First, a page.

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Risk Aversion: Friend or Foe?

As much as we’d love to have the sales process be a straight line from A to B, the reality is it’s much more of a zig-zag path with lots of bumps along the way.

That’s because we’re humans, talking to other humans.

And there’s a glaring part of our human nature that trips us up… All. The. Time.

It's this: humans are highly risk averse. We’re hard-wired to monitor our surroundings for danger, and to avoid loss at all costs.

But we don’t even realize how risk averse we are. So our risk averse nature is like an operating system that works invisibly in the background.

Your buyer’s risk aversion will silently sabotage the sale, even when you think it should be a no-brainer for them to buy. And your own risk-aversion will wreak havoc too!

But don't attempt to resist or overcome risk aversion. Instead, work with it – like they do in Aikido.

I’ve identified three main ways that risk aversion is a foe in sales – and what you can do to transform it into a friend.

Number 1

Foe: Risk aversion in your buyer is a foe because they resist making changes (i.e. choosing your product) for fear of failure, or loss of money, or any other unintended consequences. The promise of ROI will not be greater than their fear of losing what they have now.

Friend: If you’ve done your due diligence in discovery, and you understand the true size of their current state business problem, you will be able to accurately highlight the consequences of not making a change. You will be able to demonstrate that if their current state problems don’t get addressed, they will incur a loss.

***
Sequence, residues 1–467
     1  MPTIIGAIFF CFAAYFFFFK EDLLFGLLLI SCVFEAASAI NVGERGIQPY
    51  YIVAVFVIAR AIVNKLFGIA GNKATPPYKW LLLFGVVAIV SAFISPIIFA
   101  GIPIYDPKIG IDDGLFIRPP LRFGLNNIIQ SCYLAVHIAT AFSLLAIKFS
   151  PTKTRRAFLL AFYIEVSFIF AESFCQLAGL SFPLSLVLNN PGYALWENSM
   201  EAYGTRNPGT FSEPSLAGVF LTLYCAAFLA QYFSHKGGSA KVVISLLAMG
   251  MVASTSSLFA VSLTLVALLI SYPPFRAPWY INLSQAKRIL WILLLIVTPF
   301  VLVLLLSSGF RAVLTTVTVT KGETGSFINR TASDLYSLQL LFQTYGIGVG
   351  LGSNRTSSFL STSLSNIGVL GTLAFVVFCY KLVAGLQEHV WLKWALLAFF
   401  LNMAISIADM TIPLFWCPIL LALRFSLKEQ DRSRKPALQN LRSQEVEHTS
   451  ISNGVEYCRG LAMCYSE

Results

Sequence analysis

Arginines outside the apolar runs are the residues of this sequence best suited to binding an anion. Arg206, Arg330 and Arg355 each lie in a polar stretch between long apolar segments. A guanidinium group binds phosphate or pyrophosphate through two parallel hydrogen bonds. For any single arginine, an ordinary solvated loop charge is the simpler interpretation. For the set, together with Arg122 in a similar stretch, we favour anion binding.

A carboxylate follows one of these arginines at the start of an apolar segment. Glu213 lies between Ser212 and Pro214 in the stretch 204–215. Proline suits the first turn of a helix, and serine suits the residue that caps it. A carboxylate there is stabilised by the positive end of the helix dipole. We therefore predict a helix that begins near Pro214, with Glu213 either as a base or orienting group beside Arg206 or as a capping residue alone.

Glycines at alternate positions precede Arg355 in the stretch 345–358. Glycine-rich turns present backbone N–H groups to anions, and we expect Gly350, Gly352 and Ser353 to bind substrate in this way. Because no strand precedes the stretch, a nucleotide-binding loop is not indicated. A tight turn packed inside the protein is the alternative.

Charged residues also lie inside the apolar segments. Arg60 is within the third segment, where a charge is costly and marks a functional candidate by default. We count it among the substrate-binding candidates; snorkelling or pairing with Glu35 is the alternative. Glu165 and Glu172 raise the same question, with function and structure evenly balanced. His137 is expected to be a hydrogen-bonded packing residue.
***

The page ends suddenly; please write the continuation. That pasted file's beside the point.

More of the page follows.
(It goes without saying that your assessment must be data-driven, and must always be in their best interest. If you can’t quantify and qualify the size of their current state problem, you shouldn’t make any recommendation at all.)

Number 2

Foe: Risk aversion in your buyer means they don’t want to do business with you until they trust you. Chit-chat and small talk will not help build trust. Their risk averse walls will stay up.

Friend: Recognize their need for trust by establishing your credibility. Ask questions that demonstrate your expertise and interest in the bigger picture of their business – not just on where your product fits in. What matters most to them is the problems in their business. Earn their trust by showing you care.

Number 3

Foe: Risk aversion in us sellers is a big problem-o too! We want to avoid the risk of pain, discomfort, and failure – which is why we avoid the toughest activities like cold calling!

Friend: You can talk to your own risk-averse brain. You can thank it for wanting to keep you safe. Walk yourself through the worst-case scenario so your brain sees that the risk isn’t that scary after all. Then make this calculation: for every activity that you avoid because of the risk of pain – how many sales is it costing you? Your risk averse brain won't want to lose that sale so you'll get in action!

In summary

By acknowledging risk aversion (in you and in your buyer), you empower yourself to work with it rather than working blindly against it.



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